Area Agencies on Aging
Creating An Aaa, Function And Responsibility Of An Aaa, The Planning Process, Accessing Services
In 1965, when the Older Americans Act (OAA) was passed, all aging program allocations went from the State Unit on Aging (SUA) in each state directly to service providers. During the late 1960s and early 1970s, social movements precipitated a move towards community-based planning for government-funded programs. The result of this shift was that local decision-making occurred at the regional, rather than state or national, level. Thus, in 1973, the OAA was reauthorized, creating the Area Agencies on Aging (AAA). An Area Agency on Aging is a public or private agency designated by a state to address the needs and concerns of all older Americans at the local level. This regional approach provides everyone with an opportunity to participate in the planning of services for older adults in their community.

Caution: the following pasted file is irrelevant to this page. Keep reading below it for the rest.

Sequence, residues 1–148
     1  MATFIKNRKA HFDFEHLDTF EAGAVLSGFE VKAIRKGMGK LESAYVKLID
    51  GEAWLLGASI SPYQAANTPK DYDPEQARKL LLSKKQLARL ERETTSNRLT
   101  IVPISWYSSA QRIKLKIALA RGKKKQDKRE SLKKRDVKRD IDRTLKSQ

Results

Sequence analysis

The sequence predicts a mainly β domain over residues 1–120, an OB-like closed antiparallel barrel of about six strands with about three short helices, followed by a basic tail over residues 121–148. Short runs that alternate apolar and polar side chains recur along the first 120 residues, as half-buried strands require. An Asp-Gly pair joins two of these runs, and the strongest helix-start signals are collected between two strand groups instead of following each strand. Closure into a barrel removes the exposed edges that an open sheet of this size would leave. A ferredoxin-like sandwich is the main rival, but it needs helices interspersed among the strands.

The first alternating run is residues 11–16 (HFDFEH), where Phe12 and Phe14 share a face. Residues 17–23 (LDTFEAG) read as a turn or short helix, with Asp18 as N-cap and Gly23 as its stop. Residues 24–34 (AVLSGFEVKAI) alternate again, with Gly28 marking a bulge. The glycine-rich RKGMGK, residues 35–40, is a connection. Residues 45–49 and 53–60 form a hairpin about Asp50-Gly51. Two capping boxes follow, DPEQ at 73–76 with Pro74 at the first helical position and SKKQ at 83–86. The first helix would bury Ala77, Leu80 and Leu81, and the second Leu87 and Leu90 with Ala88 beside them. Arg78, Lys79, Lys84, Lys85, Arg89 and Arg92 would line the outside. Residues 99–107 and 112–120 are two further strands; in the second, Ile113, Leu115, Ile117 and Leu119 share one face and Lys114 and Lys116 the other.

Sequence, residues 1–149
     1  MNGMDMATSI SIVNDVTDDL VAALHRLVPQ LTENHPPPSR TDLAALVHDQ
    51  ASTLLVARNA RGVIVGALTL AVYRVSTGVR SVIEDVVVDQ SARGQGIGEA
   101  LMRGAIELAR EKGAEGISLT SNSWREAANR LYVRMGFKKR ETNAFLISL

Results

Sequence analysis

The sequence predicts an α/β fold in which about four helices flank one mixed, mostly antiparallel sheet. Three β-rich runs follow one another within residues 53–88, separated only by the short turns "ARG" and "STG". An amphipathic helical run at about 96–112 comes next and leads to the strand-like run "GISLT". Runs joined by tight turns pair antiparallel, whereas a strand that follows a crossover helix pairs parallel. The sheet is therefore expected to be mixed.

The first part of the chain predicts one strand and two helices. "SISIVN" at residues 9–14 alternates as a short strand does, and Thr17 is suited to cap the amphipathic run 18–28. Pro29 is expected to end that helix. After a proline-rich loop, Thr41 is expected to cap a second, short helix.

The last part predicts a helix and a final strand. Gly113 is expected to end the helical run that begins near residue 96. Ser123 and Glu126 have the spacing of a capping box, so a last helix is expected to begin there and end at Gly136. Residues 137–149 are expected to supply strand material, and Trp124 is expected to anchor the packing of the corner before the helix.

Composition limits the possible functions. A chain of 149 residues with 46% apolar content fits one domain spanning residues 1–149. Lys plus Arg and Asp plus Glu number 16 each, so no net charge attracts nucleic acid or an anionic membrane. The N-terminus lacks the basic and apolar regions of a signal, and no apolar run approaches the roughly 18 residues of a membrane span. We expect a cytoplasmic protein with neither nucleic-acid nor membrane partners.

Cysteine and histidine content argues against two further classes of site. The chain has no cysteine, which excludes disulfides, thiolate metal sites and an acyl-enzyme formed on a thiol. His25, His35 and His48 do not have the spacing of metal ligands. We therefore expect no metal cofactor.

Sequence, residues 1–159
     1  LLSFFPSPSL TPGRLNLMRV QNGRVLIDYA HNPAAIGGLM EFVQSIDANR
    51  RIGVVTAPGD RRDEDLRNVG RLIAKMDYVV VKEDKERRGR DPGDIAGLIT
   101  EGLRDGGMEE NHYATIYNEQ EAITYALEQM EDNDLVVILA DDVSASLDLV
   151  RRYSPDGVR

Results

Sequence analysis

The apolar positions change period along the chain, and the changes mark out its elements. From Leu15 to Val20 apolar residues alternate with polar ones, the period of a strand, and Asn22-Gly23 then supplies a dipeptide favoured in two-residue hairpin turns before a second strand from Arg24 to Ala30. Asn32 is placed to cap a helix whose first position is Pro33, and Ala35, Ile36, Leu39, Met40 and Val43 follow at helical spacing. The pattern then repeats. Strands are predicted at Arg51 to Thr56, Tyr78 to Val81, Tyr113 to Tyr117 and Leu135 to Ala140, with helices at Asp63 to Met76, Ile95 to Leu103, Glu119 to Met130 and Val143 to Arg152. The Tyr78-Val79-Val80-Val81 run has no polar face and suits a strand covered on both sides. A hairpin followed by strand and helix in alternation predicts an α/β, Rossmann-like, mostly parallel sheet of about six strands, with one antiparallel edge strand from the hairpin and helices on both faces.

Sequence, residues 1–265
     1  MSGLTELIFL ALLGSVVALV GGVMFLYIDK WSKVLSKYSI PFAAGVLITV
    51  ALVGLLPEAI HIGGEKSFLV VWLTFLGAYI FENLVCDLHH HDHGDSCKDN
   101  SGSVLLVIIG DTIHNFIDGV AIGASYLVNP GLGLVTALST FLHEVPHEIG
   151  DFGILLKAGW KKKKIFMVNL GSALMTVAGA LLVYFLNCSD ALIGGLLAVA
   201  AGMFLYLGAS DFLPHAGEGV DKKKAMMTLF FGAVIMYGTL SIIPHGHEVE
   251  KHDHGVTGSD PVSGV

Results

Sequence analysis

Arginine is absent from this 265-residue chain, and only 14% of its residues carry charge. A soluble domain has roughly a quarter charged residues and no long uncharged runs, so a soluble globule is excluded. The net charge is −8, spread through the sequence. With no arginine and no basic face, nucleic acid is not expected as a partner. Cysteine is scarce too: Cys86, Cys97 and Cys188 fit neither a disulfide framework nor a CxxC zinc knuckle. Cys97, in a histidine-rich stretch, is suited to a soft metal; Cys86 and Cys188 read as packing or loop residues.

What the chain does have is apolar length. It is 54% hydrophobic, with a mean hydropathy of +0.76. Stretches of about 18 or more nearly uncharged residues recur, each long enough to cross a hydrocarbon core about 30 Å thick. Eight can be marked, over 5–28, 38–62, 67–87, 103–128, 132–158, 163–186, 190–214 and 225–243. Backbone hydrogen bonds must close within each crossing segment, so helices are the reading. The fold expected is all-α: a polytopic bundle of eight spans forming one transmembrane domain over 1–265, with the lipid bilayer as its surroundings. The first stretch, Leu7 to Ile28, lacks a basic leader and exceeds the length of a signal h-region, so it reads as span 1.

The OAA also established the Native American Aging Programs, known as Title VI. Through these programs, funds are provided to a tribal organization, which serves the same function for the American Indians, Aleuts, Eskimos, and Hawaiians as the AAA provides to the states.
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- Area Agencies on Aging - Creating An Aaa
- Area Agencies on Aging - Function And Responsibility Of An Aaa
- Area Agencies on Aging - The Planning Process
- Area Agencies on Aging - Accessing Services
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